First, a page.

Lessons from a Ballerina Legend: Alicia Alonso had vision, even though she couldn’t see

| June 5, 2013 | 0 Comments
Alicia Alonso performing as Giselle.

Alicia Alonso performing as Giselle. Photo courtesy of National Ballet of Cuba.

We can joke about being able to do something with our eyes closed, but that’s exactly what Alicia Alonso learnt to do, what she had to do to succeed.

Diagnosed with a detached retina at the age of 19 – which was just the beginning of her vision problems that were to worsen throughout her life – she was ordered to lay completely still, resting on her back for many months to recover from eye surgery.

She was quoted as saying: I danced in my mind. Blinded, motionless, flat on my back, I taught myself to dance Giselle.”

Giselle was to become her most famous role.

Here are some insights into the life of this remarkable living legend and the lessons we can take from her story.

Identify with your goal, not your obstacles

Despite being partially and permanently blind with no peripheral vision, this Cuban-born prima ballerina was known for technical ability advanced for her time, for intense emotional artistry and for her simply staggering longevity.

She danced her final performance in 1995 in a piece she choreographed called “The Butterfly”.
She was 75 at the time.

It would seem that she never allowed her disability to define her, in fact, she hardly spoke on the topic, and her audiences never suspected her blindness for a moment.

Find strategies to your setbacks

Ms Alonso developed techniques and strategies to allow for a seamless performance:

  • Her partners always had to be exactly where she expected them to be at all times;
  • Bright lights were strategically placed so that she could recognise the white glow of centre stage as well as her proximity to the orchestra pit;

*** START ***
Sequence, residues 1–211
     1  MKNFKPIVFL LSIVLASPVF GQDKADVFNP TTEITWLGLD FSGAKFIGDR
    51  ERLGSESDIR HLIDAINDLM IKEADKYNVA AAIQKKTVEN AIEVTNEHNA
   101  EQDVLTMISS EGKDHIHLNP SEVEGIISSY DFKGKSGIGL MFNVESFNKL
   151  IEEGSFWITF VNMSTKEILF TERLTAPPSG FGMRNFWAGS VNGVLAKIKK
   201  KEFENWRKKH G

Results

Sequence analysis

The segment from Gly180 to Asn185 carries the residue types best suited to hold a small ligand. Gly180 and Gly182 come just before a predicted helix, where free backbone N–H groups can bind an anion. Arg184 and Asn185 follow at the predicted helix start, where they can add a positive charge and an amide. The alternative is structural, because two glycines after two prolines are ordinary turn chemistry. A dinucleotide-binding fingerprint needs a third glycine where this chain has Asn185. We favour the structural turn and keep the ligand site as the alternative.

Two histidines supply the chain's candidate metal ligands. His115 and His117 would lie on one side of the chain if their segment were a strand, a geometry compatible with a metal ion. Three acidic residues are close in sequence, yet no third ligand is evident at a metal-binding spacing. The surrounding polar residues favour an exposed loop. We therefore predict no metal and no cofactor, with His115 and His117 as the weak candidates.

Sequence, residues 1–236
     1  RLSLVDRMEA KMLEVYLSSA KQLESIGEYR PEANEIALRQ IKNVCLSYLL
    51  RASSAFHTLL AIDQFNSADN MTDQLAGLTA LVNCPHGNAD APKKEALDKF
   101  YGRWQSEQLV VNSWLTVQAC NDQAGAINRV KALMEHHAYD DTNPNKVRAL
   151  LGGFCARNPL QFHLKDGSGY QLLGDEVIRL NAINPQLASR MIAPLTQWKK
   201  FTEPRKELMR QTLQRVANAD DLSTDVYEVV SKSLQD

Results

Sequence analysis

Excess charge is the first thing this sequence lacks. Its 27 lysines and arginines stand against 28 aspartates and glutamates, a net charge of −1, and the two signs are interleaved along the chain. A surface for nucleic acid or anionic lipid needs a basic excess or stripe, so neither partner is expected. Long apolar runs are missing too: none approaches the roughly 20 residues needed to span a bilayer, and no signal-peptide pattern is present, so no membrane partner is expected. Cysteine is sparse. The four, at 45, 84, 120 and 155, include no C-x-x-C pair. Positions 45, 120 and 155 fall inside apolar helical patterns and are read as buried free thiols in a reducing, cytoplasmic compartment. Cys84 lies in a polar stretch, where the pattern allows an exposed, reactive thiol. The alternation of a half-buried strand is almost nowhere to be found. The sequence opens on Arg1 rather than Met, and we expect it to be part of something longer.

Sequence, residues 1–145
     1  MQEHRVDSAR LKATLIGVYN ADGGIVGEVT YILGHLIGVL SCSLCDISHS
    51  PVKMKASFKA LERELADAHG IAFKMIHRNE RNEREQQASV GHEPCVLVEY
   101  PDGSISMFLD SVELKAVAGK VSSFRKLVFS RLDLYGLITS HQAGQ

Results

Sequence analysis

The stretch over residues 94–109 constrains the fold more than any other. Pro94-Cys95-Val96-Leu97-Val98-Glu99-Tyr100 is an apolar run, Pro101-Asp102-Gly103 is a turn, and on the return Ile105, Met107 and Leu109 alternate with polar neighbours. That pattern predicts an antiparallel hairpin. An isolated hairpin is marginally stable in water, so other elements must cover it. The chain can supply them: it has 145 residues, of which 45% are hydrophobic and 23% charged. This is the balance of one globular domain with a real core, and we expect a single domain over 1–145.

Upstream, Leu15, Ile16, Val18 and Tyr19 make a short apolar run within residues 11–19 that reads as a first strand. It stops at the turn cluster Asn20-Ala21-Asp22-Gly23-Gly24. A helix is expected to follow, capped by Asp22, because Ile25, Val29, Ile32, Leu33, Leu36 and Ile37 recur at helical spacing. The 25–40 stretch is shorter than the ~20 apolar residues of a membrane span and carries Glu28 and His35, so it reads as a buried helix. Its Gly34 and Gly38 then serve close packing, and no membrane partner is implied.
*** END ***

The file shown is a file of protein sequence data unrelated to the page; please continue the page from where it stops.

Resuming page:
• And in addition, a thin wire was occasionally stretched across the edge of the stage as a final precaution.

In this video, a clip from a documentary on the greatest Giselle performers in history, see if you can spot how she deliberately slowed certain moves and took a moment longer to orient and prepare herself…

Alicia Alonso’s story reminds me of a talk I recently attended by Dr John Demartini – author, human behavioural specialist and shiny can-opener to human minds – where he spoke about the common traits and success principles of the world’s highest achievers.

Nothing more important in life than knowing and doing what you love most

The first foundational trait common to every inspired high achiever, as shared by Dr Demartini, is that they know precisely what they are here to do – they have identified their highest value, the thing that is most important to them, thereby giving them their inspired purpose in life.

No-one could doubt that Ms Alonso had ‘dance’ at the very top of her priorities when, after her devastating realisation that her eyesight hadn’t improved after multiple surgeries and long dark months of recovery, she got back up on pointe and danced straight into the hearts and memories of audiences around the world.

Who could’ve guessed she had the slightest disability when she could perform multiple pirouettes and fierce fouettés like these…

She once said “Dance to me is life itself”, but more than mere words, her whole life demonstrates her inspired and determined belief and she has made history as a result.

“When the voice and the vision on the inside become more profound and clear and loud than the opinions on the outside, you’ve mastered your life.” – Dr John Demartini

It’s not always easy, but it’s not hard either when you’re living your dream